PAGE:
Control system integrator guide explains the benefits of CSIA Certification
A CSIA Certified control system integrator can provide insight on how to invest in new or updated infrastructure to improve production capacity.
When industrial automation clients have questions about how to invest in new or updated infrastructure to improve production capacity, a Control System Integrators Association (CSIA) Certified control system integrator can provide answers. This is according to a new guide, CSIA Certification: What are the benefits to clients, found at www.controlsys.org/certification.
“CSIA Certification sets our members apart from other control system integrators and drives the industry,” says Bob Lowe, executive director of CSIA. “Whether a large corporation or a small independently owned business, clients benefit from the guidance of a CSIA Certified integrator. Our certified integrator members offer insight gained from experience and CSIA’s rigorous certification process.”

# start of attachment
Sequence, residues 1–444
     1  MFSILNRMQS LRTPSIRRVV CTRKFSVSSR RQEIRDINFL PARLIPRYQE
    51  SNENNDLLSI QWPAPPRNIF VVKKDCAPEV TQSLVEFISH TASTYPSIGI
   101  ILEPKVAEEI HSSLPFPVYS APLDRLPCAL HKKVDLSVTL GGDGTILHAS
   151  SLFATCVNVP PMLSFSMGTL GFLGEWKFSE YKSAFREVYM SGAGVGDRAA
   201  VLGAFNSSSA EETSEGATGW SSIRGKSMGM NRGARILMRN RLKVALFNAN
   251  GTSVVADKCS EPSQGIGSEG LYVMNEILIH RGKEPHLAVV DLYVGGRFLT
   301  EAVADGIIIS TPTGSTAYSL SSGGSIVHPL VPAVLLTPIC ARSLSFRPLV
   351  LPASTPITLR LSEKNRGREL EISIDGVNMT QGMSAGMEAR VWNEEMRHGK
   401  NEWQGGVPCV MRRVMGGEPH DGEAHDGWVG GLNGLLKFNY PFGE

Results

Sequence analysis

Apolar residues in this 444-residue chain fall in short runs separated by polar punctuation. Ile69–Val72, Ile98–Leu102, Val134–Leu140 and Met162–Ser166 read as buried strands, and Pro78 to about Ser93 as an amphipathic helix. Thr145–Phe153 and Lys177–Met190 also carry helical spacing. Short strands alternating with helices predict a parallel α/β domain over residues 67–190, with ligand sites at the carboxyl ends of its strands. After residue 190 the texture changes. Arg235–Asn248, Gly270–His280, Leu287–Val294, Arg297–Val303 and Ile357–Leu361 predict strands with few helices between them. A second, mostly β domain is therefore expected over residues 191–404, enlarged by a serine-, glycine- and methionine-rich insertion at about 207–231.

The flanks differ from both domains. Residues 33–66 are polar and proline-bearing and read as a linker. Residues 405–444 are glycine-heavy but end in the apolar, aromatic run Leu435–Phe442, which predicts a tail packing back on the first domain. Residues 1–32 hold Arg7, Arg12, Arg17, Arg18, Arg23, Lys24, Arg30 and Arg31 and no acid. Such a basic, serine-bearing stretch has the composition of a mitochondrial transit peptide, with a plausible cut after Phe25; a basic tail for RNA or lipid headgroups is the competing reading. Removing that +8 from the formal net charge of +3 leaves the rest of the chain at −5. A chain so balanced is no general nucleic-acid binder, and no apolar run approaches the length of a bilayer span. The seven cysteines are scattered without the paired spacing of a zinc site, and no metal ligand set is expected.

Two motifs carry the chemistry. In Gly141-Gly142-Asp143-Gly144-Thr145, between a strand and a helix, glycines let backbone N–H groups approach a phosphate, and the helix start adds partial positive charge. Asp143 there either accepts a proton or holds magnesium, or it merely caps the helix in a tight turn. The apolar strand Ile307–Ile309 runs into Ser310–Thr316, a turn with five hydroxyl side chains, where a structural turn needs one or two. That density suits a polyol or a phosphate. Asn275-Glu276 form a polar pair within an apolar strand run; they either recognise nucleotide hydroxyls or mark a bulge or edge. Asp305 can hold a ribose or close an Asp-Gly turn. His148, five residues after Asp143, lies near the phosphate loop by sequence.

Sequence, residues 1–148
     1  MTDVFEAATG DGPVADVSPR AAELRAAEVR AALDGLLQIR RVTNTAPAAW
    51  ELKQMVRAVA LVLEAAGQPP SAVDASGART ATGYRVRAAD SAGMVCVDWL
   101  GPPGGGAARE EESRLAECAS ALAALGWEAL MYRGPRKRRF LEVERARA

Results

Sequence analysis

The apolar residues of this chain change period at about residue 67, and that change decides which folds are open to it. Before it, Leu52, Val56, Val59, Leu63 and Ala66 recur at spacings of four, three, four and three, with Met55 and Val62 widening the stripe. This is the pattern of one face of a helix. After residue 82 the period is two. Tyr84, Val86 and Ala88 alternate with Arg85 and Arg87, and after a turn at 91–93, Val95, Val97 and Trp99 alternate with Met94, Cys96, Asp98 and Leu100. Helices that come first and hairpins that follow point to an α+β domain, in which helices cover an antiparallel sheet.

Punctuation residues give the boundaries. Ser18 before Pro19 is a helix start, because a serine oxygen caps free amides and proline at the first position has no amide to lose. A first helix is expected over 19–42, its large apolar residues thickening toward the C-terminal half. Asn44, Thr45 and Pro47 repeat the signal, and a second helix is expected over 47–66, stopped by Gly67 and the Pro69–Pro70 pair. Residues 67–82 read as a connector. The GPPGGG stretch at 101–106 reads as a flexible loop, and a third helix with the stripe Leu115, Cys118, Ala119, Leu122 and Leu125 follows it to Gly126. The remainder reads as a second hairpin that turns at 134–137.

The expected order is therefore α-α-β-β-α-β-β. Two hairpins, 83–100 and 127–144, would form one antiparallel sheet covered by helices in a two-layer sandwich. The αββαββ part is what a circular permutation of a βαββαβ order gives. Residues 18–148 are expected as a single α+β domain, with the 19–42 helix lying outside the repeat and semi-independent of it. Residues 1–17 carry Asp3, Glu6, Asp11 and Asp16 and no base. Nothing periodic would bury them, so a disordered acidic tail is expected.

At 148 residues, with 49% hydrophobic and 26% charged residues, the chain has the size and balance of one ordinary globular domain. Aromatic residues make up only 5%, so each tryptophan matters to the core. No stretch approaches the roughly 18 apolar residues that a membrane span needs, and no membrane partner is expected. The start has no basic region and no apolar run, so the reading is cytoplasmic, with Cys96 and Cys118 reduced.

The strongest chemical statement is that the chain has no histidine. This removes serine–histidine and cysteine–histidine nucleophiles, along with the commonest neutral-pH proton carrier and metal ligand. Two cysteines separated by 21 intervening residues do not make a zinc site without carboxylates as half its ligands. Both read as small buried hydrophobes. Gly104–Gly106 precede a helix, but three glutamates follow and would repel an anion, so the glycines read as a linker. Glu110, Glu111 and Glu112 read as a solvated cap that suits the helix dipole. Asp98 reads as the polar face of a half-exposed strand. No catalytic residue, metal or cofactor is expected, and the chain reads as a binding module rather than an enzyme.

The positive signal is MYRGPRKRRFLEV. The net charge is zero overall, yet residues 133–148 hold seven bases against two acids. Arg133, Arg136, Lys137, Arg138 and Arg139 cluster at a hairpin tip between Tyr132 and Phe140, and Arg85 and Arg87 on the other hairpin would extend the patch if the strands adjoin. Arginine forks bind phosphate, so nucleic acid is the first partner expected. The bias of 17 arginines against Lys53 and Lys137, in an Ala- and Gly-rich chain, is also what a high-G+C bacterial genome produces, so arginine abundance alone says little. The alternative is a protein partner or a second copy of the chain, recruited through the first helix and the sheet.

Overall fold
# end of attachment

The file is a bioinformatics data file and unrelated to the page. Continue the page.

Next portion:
With CSIA Certification, an integrator follows CSIA Best Practices in such areas as general management, financial management, project management, system development lifecycle and quality assurance. Certification requires members to undergo an intense third-party audit and abide by strict performance standards. An audit is required every three years, adds Lowe, to maintain CSIA Certification.
“In a world where anyone can say they are a control system integrator, how can our clients be sure of our ability to design, implement and test automation systems? With CSIA Certification, directors of manufacturing, plant operations managers and other industry leaders can be confident in a CSIA integrator’s business and project management skills. These attributes reduce the risk of failure and increase the probability of successful automation projects.”
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After almost a decade of uncertainty, the confidence of plant floor managers is soaring. Even with a number of challenges and while implementing new technologies, there is a renewed sense of optimism among plant managers about their business and their future.
The respondents to the 2014 Plant Engineering Salary Survey come from throughout the U.S. and serve a variety of industries, but they are uniform in their optimism about manufacturing. This year’s survey found 79% consider manufacturing a secure career. That’s up from 75% in 2013 and significantly higher than the 63% figure when Plant Engineering first started asking that question a decade ago.